Adaptation (Ex): Infiltrators give up favored terrain, which is situational and not very exciting, to get Adaptation, which is adaptable, versatile, and very exciting. The effectiveness of this ability depends heavily on which favored enemies you select, but keep in mind that your adaptation selections do not need to reflect how much you increase your favored enemy bonus for a given enemy. Many creature types can only justify taking the favored enemy once (+2 bonus), then taking the adaptations repeatedly. Keep in mind that you can only select a total of 7 apatations over the course of your career, so choose wisely.

Replaced Features: Favored Terrain

Compatible Archetypes: Battle Scout, Beast Master, Falconer, Guide, Horse Lord, Spirit Ranger, Trophy Hunter, Warden, Wild Stalker


I really wanted this to be a good archetype for the Natural Weapon combat style, but it falls horribly short of even that modest goal. You trade in some of the Ranger's less interesting abilities for the ability to partially shapeshift a very small number of times per day for very short durations. The shapeshifting provides very modest bonuses to your stats, but the uses are so limited that you can't rely on shapeshifting as a major part of your character's tactics.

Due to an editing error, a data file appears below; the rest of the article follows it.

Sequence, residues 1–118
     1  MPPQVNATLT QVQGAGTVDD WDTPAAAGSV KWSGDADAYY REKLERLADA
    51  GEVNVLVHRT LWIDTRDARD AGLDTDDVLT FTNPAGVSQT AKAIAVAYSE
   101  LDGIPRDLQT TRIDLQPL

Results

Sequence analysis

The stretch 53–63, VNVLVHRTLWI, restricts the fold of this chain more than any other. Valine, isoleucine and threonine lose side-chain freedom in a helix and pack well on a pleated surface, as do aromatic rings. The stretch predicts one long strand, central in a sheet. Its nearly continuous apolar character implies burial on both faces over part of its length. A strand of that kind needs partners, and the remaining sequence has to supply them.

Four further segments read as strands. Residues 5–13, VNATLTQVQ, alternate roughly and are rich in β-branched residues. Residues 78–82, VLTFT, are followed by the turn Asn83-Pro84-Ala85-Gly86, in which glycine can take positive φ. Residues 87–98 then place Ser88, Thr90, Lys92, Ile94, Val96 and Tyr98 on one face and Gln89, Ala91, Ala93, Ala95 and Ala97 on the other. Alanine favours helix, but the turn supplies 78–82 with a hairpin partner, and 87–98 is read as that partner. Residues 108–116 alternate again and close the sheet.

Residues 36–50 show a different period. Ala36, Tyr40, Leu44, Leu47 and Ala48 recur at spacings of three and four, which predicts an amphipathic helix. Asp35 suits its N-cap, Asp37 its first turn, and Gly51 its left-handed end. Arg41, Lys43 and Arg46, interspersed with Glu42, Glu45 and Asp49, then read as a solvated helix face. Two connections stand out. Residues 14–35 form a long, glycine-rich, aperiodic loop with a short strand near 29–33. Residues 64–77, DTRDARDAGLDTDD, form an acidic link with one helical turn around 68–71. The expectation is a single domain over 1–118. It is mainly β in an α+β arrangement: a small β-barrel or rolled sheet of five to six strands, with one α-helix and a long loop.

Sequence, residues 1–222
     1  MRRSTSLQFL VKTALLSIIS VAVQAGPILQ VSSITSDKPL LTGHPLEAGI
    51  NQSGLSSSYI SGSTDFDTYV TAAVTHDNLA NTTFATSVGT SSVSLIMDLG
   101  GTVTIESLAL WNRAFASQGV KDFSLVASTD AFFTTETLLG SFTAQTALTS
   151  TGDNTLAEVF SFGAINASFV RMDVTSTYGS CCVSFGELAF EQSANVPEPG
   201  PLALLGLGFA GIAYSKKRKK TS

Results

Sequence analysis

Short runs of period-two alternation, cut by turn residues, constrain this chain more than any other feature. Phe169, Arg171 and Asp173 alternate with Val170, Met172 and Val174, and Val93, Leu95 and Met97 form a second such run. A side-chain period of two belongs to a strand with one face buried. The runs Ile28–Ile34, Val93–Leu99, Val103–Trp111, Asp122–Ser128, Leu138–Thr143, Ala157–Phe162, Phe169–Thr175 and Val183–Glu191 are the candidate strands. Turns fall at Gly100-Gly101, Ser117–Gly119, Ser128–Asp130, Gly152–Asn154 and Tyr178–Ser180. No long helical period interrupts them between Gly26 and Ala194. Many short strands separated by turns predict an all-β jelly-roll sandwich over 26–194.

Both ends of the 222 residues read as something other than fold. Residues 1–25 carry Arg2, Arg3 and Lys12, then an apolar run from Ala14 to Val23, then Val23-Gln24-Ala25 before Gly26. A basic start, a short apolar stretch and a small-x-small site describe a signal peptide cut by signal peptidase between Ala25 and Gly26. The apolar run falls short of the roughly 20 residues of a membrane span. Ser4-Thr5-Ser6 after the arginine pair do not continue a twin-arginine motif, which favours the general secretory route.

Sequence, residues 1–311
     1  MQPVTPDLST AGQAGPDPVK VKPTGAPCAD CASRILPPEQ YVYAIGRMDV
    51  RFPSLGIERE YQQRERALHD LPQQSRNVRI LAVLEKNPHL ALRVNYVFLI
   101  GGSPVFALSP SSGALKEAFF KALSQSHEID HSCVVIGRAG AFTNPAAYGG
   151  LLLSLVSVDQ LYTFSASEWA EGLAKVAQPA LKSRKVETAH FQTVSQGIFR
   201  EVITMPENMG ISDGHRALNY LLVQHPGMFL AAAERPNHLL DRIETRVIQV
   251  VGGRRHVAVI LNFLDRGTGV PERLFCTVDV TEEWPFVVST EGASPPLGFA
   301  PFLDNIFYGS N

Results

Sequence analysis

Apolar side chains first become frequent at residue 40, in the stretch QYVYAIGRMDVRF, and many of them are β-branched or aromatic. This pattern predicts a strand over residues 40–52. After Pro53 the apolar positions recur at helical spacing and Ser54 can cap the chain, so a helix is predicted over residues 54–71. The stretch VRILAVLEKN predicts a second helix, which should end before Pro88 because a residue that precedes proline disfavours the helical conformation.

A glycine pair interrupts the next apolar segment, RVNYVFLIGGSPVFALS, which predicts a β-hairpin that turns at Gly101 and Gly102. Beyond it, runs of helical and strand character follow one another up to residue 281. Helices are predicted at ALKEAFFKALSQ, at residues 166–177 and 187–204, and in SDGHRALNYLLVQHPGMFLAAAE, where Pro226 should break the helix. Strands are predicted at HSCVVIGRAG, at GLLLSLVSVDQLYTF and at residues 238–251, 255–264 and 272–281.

Combat Style Feat (Ex): You must select the Natural Weapon style, which is only good if you already have natural weapons.

Shifter's Blessing (Su): The duration is horrible short, and the number of uses is pathetic. At 18th level, you get the maximum of 4 uses of Shifter's Blessing. Despite such limited uses, the bonuses are incredibly small.

Dual Form Shifter (Ex): Merge Bear and Dragon, be a dragon-bear, and get +4 strength and +2 natural armor. Proceed to wave your claws about.

Master Shifter (Su): A little late to the game, your shifer's blessing forms become considerably better. Be a better dragon-bear, and fly around with +4 natural armor and +8 strength.

Replaced Features: Combat Style, Favored Terrain, Camouflage, Master Hunter

Compatible Archetypes: Falconer, Guide


Skirmishers give up their spells for "Ranger Tricks". With no dependency on spells, this drastically reduces your reliance on Wisdom, removing the need to hunt for that 14 wisdom to get 4th-level ranger spells. However, you do give up the ability to use spell trigger and spell completion items, so you can't use wands of cure light wounds when your cleric falls over.

Hunter's Tricks: Many of the tricks are actually very useful. You need to be careful with how you use them, as your uses are fairly limited, and you only get to learn a few tricks.

Replaced Features: Spells

Compatible Archetypes: All but Trapper

Spirit Ranger

Instead of forming a bond with your companions or an animal, you form a bond with the DM by casting Augury and eventually Divination. Basically, you give up a super cool pet for the ability to cast two spells which the Cleric has had for several levels before you.